The National Inquiry into Missing and Murdered Indigenous Women and Girls has begun their Nova Scotia “community visits” as they continue to plan for the upcoming community hearing to be held later this year.
Terrellyn Fearn, the inquiry’s director of health, said members will be working not only with Indigenous families and survivors but also local stakeholders including grassroots organizations, women’s groups and levels of government to “ensure we’re working together” so that the hearings are a success.
Fearn said their first day in Halifax, Monday, the inquiry was invited to the ceremony by the Mi’kmaq Women’s Leadership Network. She said attending the ceremony helped ground them to what their purpose is.
‘Families and survivors are at the centre’
“We’re here to work collaboratively and it really is about the families and survivors,” Fearn said in an interview with Global News. “So how can we all come together in a good way, ground ourselves in a good way to ensure that we’re moving ahead in a good way with them in mind.
“Families and survivors are at the centre of this whole process.”
Following their visit in Halifax Tuesday, the commission is visiting Membertou First Nation Wednesday and then heading to Millbrook First Nation. After these visits, the community relations team will announce where they’ll head next in Nova Scotia.
All the visits in the country are a lead up to the nine community hearings starting this fall.
The commission has faced questions from family members concerned about the process, which is expected to take at least two years and cost $53.8 million. Some family members have even called for the commission to start from scratch, citing commissioner Marilyn Poitras’ resignation last month.
Some Aboriginal leaders have also argued the inquiry has not put families first.
Fearn, herself a member of the Glooscap First Nation in Nova Scotia’s Annapolis Valley, said these meetings are to address the concerns.
“This visit here in Nova Scotia is really illustrating how we’re doing things in a different way,” she said. “We know that to really provide opportunities for families and survivors to engage in the inquiry process that we need to come to them. We need to sit at their kitchen tables, we need to visit with them, we need to provide time to build trust and support and have their involvement in understanding how they would like to see this process.”
‘Document the truth’
Denise Pictou-Maloney, the community relations liaison officer for the inquiry, said she became involved because it provides families, including her own, a place to have their voices heard.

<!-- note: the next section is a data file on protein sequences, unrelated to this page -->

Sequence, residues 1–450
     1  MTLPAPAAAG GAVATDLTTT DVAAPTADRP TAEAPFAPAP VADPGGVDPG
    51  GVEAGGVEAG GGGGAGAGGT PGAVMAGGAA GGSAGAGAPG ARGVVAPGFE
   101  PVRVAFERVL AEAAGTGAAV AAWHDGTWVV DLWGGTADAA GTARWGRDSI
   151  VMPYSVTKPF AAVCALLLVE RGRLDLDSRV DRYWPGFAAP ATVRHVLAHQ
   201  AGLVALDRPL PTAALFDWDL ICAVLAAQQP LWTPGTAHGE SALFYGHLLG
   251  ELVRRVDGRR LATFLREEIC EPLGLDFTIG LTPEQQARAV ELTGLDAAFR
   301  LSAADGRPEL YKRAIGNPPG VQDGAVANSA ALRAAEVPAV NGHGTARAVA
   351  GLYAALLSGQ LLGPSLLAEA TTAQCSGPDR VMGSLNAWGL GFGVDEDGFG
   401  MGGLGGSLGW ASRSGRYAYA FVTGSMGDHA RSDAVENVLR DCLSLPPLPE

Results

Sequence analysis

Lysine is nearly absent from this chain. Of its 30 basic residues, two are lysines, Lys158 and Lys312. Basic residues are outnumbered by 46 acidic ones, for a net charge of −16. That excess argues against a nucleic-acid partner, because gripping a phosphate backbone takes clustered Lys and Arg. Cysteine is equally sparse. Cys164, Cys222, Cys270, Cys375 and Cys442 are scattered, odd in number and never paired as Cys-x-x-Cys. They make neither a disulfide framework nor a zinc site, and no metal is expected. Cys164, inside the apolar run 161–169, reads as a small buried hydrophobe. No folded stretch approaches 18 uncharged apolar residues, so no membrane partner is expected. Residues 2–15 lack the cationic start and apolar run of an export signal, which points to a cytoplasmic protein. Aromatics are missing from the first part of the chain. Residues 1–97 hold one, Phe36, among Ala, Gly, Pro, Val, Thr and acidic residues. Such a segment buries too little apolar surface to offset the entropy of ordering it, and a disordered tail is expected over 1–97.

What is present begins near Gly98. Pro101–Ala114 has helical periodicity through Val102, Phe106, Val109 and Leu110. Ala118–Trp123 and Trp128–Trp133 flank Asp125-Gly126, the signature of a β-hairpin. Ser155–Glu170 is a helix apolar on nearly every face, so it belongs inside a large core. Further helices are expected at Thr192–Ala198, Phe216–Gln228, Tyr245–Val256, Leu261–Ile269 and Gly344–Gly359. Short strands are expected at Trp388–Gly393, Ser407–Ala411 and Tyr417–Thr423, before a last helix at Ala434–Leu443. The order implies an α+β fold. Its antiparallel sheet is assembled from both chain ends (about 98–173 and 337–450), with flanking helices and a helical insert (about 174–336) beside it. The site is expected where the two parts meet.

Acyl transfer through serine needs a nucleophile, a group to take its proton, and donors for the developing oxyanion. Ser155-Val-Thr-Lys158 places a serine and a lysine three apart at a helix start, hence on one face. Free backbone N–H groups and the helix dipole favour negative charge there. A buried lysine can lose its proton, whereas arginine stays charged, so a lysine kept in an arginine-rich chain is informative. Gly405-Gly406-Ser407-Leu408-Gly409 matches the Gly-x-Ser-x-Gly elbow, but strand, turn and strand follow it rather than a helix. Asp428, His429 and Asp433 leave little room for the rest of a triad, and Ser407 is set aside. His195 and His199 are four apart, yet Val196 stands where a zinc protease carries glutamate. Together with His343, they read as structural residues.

“It was able to document the truth in one place that we knew could make a difference in bringing attention to why this travesty is happening in our famlies and in our country and why our number of missing and murdered Indigenous women are so high,” she said.
Pictou-Maloney is also the daughter of Annie Mae Pictou-Aquash, a native rights advocate who was murdered in 1975.
She said her own experience fighting for justice for her mother could be used to help the commission.
Calling it “information-sharing”, Pictou-Maloney said the inquiry is about letting families know they guide the process and the commission wants to know what supports they need, from cultural assistance to health.
“This is not a pleasant process for a lot of people, it is stressful, but these families, and I know this through my own personal experience, live with this every day,” Pictou-Maloney said.
A change in approach
The constructive criticism they’ve received has been helpful, Fearn said, and she acknowledges the inquiry needs to make some internal changes in their approach.
She said the inquiry has seen major growth in the last month in the number of people registered — on Tuesday she told Global News they had received about 550 registrants.
“That’s a real testament to the change in our community engagement strategy,” Fearn said.
WATCH: Global News coverage
Journalists have been asked to stay away from the sessions, being held at undisclosed locations.
Fearn said if people want to become involved in the inquiry, they can contact Pictou-Maloney for more information.
—With files from The Canadian Press